The Importance Of Living On The Edge (Or The Unimportance Of Lie Detector Tests, Federal Judges, Not Being Charged With A Crime)
The center collapses.
That’s part of the age we live in.
The center collapses in a family and a little girl ends up dead.
But maybe that’s not what happened.
Maybe the center of our media collapsed.
The people we trusted painted the story wrong destroying a family (twice) in the process.
And where were the true answers be found?
The police worked on a tip done by a professor who did his own research on the case.
Despite thousands of journalist all over the world, the answer wasn’t found in the center.
No, the center collapsed.
The answer was found on the edges.
No matter what part of any major institutions around today you choose, you won’t find the answers in it. In fact the deeper you go inside the less likely you’ll find anything of real value.
There’s no blame. It’s just the way of 20th Century institutions in the 21st Century universe.
What’s valuable today is different.
Fred Wilson showed an example of this when he talked about using old ways to partner with companies like Flickr or Google.
The center collapses in noise and the real answers are found on the edges.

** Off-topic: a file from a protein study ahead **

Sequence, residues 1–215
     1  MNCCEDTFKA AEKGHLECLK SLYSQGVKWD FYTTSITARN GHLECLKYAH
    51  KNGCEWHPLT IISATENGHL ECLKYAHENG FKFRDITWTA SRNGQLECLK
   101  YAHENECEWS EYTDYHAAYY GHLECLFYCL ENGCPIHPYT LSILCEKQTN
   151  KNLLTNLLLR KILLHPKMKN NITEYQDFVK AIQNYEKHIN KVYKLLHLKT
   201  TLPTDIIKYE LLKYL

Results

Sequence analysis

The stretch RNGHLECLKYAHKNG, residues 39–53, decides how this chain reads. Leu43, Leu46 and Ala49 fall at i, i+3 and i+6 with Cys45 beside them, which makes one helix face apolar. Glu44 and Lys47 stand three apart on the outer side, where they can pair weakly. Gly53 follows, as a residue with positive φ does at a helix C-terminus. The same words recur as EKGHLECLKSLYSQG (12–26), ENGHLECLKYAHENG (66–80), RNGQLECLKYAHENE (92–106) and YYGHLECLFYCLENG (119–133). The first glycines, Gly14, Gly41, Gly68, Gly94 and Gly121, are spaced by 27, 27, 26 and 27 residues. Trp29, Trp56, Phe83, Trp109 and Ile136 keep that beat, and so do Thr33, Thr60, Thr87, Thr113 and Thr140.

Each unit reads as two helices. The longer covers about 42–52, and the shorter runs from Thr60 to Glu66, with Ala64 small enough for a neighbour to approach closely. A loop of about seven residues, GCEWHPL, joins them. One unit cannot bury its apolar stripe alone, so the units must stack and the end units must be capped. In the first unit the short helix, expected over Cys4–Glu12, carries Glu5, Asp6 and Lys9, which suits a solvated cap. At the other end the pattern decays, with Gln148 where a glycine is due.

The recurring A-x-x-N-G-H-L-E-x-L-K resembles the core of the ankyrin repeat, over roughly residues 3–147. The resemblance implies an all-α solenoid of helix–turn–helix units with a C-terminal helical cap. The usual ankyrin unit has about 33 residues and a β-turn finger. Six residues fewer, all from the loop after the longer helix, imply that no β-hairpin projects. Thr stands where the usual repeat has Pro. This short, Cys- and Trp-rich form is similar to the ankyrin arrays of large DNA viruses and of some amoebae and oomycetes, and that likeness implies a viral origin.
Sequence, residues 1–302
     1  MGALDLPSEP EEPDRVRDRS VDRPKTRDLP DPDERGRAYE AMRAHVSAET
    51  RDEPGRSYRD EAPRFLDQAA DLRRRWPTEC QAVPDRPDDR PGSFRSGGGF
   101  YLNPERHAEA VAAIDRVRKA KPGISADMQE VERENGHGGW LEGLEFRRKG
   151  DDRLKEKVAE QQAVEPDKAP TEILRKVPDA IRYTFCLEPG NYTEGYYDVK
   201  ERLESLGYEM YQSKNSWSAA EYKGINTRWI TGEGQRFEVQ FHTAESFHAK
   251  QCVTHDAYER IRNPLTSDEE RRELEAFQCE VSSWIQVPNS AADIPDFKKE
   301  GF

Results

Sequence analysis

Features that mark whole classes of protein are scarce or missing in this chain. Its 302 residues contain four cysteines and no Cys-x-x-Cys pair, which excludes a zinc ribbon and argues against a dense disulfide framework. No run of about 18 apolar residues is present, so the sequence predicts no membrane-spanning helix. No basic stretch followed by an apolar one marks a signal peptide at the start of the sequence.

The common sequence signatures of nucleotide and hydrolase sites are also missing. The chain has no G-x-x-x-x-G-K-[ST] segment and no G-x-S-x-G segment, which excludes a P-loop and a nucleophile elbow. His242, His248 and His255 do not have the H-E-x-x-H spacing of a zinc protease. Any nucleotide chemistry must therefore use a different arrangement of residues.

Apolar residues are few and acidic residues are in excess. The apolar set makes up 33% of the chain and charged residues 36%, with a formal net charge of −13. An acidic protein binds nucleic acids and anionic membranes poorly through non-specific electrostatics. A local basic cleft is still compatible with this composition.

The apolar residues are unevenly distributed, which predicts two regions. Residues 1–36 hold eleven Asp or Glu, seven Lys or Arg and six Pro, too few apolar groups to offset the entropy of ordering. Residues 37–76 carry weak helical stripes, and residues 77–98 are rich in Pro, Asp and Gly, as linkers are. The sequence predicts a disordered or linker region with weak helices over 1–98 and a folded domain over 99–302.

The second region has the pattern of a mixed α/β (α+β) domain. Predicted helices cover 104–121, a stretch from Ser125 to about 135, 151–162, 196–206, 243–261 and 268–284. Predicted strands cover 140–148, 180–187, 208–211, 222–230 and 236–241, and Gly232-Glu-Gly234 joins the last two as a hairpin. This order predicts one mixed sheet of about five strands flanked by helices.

Umair calls what companies need today edge competencies.
But not just companies need them.
We all do.
Here’s the deal.
Everyone knows the same things.
Google’s value isn’t it’s search engine.
Flickr’s value isn’t in uploading photos.
Just like your value isn’t in what you do.
It’s in who you are.
But those guys don’t even see them.
They aren’t even building a social network, per se. They have other plans. (I promised not to tell but it’s different than you expect.)
They realize the value is not in the center.
Which brings us back to Jon Benet.
Everyone thought that someone in the family was guilty because that’s what the center told us.
Despite the fact that the family passed lie detector tests.
Despite the fact that the police never charged them with anything.
Despite what a Federal Judge decided.
We assumed the media center knew what it was talking about.
And the scary thing that they could be wrong again.
Get used to it.Explore posts in the same categories: blog networks, Edge, Evan Rifkin, flickr, Fred Krueger, Fred Wilson, google, Jon-Benet, new media, old media, Patricia Ramsey, TagWorld, Umair, YaChin You, you